Introduction to tables
A BigQuery table contains individual records organized in rows. Each record is composed of columns (also called fields).
Every table is defined by a schema that describes the column names, data types, and other information. You can specify the schema of a table when it is created, or you can create a table without a schema and declare the schema in the query job or load job that first populates it with data.
Use the format
projectname.datasetname.tablename to fully qualify a table
name when using GoogleSQL, or the format
to fully qualify a table name when using the bq command-line tool.
The following sections describe the table types that BigQuery supports.
- Standard BigQuery tables: structured data stored in BigQuery storage.
- External tables: tables that reference data stored outside BigQuery.
- Views: logical tables that are created by using a SQL query.
Standard BigQuery tables
Standard BigQuery tables contain structured data and are stored in BigQuery storage in a columnar format. These include the following types:
Tables, which have a schema and every column in the schema has a data type.
For information about how to create tables, see Create tables.
Table clones, which are lightweight, writeable copies of BigQuery tables. BigQuery only stores the delta between a table clone and its base table.
For information about how to create table clone, see Create table clones.
Table snapshots, which are point-in-time copies of tables. They are read-only, but you can restore a table from a table snapshot. BigQuery stores bytes that are different between a snapshot and its base table, so a table snapshot typically uses less storage than a full copy of the table.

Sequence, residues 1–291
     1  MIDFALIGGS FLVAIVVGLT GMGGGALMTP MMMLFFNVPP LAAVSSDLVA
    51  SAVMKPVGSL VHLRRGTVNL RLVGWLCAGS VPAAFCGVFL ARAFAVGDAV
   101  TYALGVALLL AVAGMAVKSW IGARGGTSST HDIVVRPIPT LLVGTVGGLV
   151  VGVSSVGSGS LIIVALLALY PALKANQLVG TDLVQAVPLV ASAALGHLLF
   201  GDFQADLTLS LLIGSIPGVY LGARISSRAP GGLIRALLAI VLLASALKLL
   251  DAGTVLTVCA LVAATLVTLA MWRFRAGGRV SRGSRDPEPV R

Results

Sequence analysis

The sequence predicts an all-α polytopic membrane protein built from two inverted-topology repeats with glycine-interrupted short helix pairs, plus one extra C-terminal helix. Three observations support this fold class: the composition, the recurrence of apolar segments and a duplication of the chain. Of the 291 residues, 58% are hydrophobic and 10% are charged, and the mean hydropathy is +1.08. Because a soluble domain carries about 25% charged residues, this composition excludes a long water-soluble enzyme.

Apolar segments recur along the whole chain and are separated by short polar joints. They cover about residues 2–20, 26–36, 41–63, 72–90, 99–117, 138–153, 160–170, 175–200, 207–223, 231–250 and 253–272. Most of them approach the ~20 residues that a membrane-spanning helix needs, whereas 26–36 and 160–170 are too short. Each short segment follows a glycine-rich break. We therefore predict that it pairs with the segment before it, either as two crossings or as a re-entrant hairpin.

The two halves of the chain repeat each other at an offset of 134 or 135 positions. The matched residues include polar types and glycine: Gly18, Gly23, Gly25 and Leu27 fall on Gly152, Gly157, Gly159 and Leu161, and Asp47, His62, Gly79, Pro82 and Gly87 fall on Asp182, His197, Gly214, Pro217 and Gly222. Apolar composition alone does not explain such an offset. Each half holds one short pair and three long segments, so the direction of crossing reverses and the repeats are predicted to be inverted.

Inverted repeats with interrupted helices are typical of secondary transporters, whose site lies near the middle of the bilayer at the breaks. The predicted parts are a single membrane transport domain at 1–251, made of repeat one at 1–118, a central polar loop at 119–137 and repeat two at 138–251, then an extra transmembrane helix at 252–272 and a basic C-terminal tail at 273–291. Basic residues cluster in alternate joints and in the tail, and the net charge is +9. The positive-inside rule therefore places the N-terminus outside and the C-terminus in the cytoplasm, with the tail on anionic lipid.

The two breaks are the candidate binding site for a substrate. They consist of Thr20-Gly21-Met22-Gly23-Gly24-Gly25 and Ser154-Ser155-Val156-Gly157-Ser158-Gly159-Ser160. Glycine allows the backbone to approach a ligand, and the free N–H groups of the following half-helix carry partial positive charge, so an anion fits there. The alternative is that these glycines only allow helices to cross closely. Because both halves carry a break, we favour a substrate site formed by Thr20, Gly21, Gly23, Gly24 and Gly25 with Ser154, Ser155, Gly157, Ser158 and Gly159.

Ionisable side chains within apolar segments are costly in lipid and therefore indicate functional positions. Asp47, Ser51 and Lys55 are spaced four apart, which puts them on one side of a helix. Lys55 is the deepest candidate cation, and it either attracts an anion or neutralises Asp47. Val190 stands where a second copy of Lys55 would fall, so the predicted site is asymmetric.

For information about how to create table snapshots, see Create table snapshots.
External tables are stored outside out of BigQuery storage and refer to data that's stored outside of BigQuery. For more information, see Introduction to external data sources. External tables include the following types:
BigLake tables, which reference structured data stored in data stores such as Cloud Storage, Amazon Simple Storage Service (Amazon S3), and Azure Blob Storage. These tables let you enforce fine-grained security at the table level.
For information about how to create BigLake tables, see the following topics:
Object tables, which reference unstructured data stored in data stores such as Cloud Storage.
For information about how to create object tables, see Create object tables.
Non-BigLake external tables, which reference structured data stored in data stores such as Cloud Storage, Google Drive, and Cloud Bigtable. Unlike BigLake tables, these tables don't let you enforce fine-grained security at the table level.
For information about how to create non-BigLake external tables, see the following topics:
Views are logical tables that are defined by using a SQL query. These include the following types:
Views, which are logical tables that are defined by using SQL queries. These queries define the view that is run each time the view is queried.
For information about how to create views, see Create views.
Materialized views, which are precomputed views that periodically cache the results of the view query. The cached results are stored in BigQuery storage.
For information about how to create materialized views, see Create materialized views.
BigQuery tables are subject to the following limitations:
- Table names must be unique per dataset.
- When you export BigQuery table data, the only supported destination is Cloud Storage.
- When you use an API call, enumeration performance slows as you approach 50,000 tables in a dataset.
- The Google Cloud console can display up to 50,000 tables for each dataset.
For information about BigQuery external table limitations, see the following topics:
Quotas and limits apply to the different types of jobs you can run against tables, including the following quotas:
- Load data into tables (load jobs)
- Export data from tables (export jobs)
- Query table data (query jobs)
- Copy tables (copy jobs)
For more information about all quotas and limits, see Quotas and limits.
When you create and use tables in BigQuery, your charges are based on how much data is stored in the tables and partitions and on the queries you run against the table data:
- For information about storage pricing, see Storage pricing.
- For information about query pricing, see Query pricing.
Many table operations are free, including loading, copying, and exporting data. Though free, these operations are subject to BigQuery quotas and limits. For information about all free operations, see Free operations on the pricing page.
To control access to tables in BigQuery, see Introduction to table access controls.